Land degradation can have severe economic and environmental consequences. Almost two-thirds of land in Australia has been modified for human use, primarily for grazing on natural vegetation. Clearing of native vegetation continues to occur for agriculture, plantation forestry, and urban development. Over the past two centuries, as land use has intensified for a growing population in this arid land, vast areas of native vegetation have been cleared or degraded, resulting in adverse affects on biodiversity, soil and water quality and the spread of weeds, feral pests and diseases.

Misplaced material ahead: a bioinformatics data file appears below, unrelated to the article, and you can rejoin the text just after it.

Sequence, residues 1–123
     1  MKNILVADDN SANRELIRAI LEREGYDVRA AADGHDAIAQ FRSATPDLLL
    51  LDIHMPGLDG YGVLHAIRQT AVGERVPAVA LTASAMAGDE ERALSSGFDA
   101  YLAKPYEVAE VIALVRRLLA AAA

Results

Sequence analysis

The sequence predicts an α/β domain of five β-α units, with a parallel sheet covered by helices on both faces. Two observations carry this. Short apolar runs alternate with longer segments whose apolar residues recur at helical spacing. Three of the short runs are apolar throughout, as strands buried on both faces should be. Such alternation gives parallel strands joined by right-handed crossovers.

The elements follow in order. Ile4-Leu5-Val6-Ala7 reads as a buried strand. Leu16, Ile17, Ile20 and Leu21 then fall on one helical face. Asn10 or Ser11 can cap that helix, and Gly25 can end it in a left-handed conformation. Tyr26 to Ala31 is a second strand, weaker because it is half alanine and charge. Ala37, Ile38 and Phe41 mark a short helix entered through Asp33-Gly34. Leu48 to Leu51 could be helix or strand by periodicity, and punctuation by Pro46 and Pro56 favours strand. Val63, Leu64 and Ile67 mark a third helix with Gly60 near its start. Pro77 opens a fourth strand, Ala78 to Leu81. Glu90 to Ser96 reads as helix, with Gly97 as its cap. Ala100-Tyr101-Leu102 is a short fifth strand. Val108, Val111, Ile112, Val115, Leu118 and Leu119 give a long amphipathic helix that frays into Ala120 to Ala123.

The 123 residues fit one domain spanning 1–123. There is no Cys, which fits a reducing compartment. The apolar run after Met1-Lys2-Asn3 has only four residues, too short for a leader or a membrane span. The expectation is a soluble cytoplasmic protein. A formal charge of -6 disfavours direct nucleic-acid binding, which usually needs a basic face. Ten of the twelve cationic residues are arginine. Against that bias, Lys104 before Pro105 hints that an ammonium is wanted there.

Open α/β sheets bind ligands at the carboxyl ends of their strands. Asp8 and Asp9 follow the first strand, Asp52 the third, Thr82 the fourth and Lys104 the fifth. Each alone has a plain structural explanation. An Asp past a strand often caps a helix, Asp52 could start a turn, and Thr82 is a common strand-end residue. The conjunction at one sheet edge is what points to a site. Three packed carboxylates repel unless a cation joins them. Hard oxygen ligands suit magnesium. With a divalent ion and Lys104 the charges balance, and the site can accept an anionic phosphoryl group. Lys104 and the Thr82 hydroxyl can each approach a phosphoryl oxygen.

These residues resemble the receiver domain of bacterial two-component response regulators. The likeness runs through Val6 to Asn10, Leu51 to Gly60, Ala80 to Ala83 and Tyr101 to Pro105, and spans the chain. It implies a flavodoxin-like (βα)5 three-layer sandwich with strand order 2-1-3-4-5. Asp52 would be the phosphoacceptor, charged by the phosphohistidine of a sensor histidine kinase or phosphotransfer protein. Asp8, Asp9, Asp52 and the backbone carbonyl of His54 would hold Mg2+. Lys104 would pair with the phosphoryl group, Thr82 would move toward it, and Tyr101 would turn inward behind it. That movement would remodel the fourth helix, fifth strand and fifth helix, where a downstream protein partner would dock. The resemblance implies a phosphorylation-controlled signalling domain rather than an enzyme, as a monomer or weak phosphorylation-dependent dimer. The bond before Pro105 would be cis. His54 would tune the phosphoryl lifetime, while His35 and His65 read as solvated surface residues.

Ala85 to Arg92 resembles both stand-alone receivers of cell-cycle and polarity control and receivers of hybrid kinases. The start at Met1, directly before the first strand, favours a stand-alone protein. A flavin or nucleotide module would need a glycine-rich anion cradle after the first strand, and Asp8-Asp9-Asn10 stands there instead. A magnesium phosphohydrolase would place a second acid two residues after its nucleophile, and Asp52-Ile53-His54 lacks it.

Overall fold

This book examines the damaging impacts of Australia’s land use and agricultural activity, and proposes improvements to current farming systems, including more sustainable use of water and soil, and development of new systems for irrigation, fertilisation and water use. To ensure long-term sustainability, land managers need to consider economic, social and environmental factors. How do we meet the needs of the present without depleting our natural land resources and compromising the future? Worksheets and activities; Glossary; Fast facts; Web links; Index